24.3 It is lawful for all sorts of people to marry who are able with judgment to give their consent. Yet it is the duty of Christians to marry only in the Lord. And, therefore, such as profess the true reformed religion should not marry with infidels, Papists, or other idolaters: neither should such as are godly be unequally yoked, by marrying with such as are notoriously wicked in their life, or maintain damnable heresies.
Given that this Confession sees the individual profession of faith (those “that profess the true religion” – 25.2) as defining members of the visible church, it is no surprise that it views Papists in the same way as infidels – as idolaters. Their trinitarian baptism is not sufficient to consider them as being within the true visible church (and therefore in the New Covenant).
Reformed theologians have reflected this opinion as well. Throughout Question 14 of the 18th Topic of his Institutes, Turretin provides a defense of why “the church of Rome of today [cannot] be called a true church of Christ.” This is after his exposition of the pure preaching of the Word and administration of the sacraments as Marks of the Church (Question 12). He reasons that the church of Rome is not a true church “because it impinges upon the foundation [of the church]”, “because she is heretical,” “because she is idolatrous,” “because her doctrine is doubtful and opposed to the certainty of salvation and peace of conscience”, “because she is opposed to piety and good morals,” “because she is opposed to freedom by her tyranny,” “because Antichrist sits in her,” and “because she is Babylon.” He remarks:
Now in order to demonstrate this, even this one thing would be sufficient (which we have before proved)- that the proper and essential mark of the true church is no other than the doctrine of conformity with the word of God (which is retained in any assembly). It is clearer than the meridian light from a comparison instituted between both that the doctrine of the Roman church in many most important articles is diametrically opposed to the Scriptures. With whatever pigments and colors it may be covered in order to conceal its foulness and so smooth over its harshness, by that very thing it is evident that neither is she the true church, nor can she be so called except falsely.
Again, he sees no conflict between this truth and the validity of Roman baptism:
The verity of baptism proves indeed that truth of a church with regard to Christianity in general, in opposition to assemblies of unbelievers; but not with regard to Christianity pure and purged from the errors of heretics. For true baptism can be found among heretics who are not the true church; as true circumcision and sacrifices to the one God were consecrated in the church of the ten tribes, which was not on that account a true church. Nor can our opponents deny this. They acknowledge our baptism to be true, yet deny us the name of a true church.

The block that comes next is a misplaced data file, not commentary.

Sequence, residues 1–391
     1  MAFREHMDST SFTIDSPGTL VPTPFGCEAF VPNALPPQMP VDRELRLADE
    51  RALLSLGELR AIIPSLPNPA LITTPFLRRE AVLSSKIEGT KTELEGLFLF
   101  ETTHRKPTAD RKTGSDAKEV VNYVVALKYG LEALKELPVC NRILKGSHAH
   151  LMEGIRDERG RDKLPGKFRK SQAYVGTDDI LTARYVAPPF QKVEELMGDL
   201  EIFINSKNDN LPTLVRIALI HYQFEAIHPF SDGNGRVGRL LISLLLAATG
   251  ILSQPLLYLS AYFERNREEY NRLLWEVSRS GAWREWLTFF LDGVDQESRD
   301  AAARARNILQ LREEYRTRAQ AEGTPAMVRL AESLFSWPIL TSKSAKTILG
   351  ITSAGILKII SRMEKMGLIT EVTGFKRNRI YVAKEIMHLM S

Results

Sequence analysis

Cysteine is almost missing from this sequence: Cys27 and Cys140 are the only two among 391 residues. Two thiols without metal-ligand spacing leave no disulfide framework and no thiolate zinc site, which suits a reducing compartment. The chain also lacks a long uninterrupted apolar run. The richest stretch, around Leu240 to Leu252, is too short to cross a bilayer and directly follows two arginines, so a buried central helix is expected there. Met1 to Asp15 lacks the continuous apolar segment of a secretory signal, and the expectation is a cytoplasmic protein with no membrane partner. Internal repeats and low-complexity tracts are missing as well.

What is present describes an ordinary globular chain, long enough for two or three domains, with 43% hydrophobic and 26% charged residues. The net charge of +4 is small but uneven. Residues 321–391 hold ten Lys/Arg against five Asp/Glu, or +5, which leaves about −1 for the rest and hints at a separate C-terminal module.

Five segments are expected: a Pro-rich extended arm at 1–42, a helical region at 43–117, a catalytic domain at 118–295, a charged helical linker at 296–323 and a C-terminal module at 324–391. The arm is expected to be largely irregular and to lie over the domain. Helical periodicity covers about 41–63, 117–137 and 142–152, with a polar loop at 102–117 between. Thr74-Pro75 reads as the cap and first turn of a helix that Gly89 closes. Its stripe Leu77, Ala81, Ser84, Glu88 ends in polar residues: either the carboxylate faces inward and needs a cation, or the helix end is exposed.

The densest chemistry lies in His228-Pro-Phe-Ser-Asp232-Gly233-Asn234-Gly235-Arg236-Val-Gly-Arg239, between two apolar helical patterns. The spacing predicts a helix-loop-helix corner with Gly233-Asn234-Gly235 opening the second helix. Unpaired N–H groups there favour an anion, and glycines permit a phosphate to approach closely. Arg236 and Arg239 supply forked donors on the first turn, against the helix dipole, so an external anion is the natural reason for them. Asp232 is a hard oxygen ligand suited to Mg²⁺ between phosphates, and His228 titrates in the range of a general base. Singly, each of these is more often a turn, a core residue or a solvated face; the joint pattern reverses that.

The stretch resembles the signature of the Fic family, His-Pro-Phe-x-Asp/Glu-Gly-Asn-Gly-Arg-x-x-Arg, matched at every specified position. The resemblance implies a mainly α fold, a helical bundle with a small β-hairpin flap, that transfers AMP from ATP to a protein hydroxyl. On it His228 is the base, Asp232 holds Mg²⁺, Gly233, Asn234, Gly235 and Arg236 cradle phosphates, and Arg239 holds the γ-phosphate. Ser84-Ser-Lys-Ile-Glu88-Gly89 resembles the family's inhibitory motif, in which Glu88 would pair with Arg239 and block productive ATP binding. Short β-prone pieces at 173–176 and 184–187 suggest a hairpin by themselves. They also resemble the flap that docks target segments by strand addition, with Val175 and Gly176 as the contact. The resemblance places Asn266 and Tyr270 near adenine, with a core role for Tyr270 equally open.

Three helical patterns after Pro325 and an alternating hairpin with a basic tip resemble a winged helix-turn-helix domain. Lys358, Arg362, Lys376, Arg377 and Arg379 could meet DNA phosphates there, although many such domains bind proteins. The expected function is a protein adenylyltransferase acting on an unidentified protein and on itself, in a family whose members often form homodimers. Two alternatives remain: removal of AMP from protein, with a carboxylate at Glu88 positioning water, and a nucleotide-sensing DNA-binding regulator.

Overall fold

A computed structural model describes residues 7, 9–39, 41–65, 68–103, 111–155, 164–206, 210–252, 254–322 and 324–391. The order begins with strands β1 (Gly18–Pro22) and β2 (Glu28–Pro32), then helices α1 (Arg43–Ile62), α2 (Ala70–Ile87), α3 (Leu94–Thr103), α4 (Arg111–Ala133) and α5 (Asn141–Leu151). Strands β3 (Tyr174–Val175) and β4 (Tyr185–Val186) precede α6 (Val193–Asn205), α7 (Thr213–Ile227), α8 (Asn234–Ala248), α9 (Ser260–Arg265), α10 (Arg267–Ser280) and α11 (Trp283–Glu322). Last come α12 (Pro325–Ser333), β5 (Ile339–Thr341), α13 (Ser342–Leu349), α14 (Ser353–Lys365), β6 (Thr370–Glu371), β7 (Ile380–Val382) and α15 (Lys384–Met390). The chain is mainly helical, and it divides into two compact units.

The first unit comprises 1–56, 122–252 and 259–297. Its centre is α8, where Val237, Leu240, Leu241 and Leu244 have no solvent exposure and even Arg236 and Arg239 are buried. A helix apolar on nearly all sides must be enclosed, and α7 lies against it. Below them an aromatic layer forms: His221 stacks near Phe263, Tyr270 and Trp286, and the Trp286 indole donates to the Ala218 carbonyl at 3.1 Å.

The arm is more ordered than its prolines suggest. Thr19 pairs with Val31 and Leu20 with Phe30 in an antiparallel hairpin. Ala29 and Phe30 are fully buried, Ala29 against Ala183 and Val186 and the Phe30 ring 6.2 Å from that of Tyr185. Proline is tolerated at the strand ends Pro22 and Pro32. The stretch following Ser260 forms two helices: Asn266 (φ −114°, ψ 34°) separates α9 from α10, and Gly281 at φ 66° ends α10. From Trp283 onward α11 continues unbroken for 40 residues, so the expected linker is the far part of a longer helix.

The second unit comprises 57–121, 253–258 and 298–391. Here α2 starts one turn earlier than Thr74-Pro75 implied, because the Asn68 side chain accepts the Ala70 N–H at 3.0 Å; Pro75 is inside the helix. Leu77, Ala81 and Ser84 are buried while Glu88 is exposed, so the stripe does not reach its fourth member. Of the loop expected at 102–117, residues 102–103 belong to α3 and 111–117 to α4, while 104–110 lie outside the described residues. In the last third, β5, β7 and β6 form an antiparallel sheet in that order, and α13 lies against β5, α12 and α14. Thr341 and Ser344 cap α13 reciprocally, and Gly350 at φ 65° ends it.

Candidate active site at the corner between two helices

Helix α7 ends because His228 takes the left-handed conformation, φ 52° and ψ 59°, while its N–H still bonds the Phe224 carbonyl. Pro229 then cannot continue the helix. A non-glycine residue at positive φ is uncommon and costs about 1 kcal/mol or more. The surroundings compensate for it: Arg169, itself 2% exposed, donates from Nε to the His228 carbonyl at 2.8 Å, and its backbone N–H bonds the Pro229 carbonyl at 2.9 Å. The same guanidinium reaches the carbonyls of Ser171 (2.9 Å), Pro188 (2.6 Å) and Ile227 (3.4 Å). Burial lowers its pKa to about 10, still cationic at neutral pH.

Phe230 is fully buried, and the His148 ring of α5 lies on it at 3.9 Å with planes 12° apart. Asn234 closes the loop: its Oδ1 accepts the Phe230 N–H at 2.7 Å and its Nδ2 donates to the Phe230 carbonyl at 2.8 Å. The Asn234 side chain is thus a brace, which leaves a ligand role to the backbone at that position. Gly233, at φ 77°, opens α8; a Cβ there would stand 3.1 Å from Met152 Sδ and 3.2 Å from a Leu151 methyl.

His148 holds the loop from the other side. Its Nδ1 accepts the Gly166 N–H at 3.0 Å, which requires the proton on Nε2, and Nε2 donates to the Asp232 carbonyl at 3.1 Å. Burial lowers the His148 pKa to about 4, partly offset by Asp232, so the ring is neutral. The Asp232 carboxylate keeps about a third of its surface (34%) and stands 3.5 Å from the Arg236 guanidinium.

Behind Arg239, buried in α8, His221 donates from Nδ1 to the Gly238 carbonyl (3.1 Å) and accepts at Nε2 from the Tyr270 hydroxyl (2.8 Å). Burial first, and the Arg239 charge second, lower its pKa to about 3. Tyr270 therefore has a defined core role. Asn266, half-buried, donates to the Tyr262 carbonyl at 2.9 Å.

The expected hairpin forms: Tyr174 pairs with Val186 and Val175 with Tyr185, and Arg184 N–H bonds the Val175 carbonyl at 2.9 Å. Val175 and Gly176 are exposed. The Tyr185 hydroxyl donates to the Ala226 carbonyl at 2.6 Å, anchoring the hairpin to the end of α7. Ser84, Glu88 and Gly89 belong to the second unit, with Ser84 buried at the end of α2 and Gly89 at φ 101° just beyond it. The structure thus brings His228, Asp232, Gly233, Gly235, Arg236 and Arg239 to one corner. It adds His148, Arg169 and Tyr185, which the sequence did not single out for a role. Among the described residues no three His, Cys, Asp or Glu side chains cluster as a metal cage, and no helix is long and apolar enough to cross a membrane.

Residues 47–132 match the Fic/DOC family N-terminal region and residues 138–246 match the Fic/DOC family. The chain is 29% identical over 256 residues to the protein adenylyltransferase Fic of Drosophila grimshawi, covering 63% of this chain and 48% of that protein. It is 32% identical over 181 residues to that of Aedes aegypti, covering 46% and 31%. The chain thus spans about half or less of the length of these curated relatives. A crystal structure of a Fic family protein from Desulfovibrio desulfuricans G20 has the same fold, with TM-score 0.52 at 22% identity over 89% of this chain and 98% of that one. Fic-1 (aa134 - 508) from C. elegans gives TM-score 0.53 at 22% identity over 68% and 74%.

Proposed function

Ursinus (Commentary on the Heidelberg Catechism, pg. 448) also addresses the matter of Papist apostates:
Hence, before excommunication can be inflicted upon any one, there must necessarily be a knowledge of some error or sin, which is accompanied with obstinacy and determined wickedness on the part of the offender; so that if any one becomes a Papist, or an Arian, or a Davidian, or any other apostate, he must not be held and recognized as a member of the church, even though he may declare himself to be such, and may desire to remain in the church, unless he renounce and detest his error, and live according to the gospel. The reason is, because God will have his church separate and distinct from all the various sects and adherents of the devil.
Also worth noting, to similar effect, is the opinion of Bullinger, which is documented here. Notice, especially, these remarks from Bullinger’s Decades:
Since Rome is an upstart church and not the true church, then for leaving the church of Rome, the Reformers cannot be considered schismatics.
The church will have evil and wicked men in the visible church, but the Romanists are the very worst of the enemies of God and therefore have neither the outward nor inward marks of the church.
As far as I have read in the Reformed tradition, it is utterly novel to consider Romanists or any others who do not “profess the true religion” to be Christian, either as an institutional, true church, or as an individual New Covenant believer. None of the sources I cited above saw their rejection of Rome and Romanists as Christian as being in conflict with their rejection of rebaptism. I can only believe that FV has blown their view of covenantal objectivism and baptismal efficacy to ludicrous proportions if their system leads them to these sorts of conclusions. And I do not know how this is any improvement on good, old-timey formalism that has plagued the church for so many hundreds of years.
Posted by David Gadbois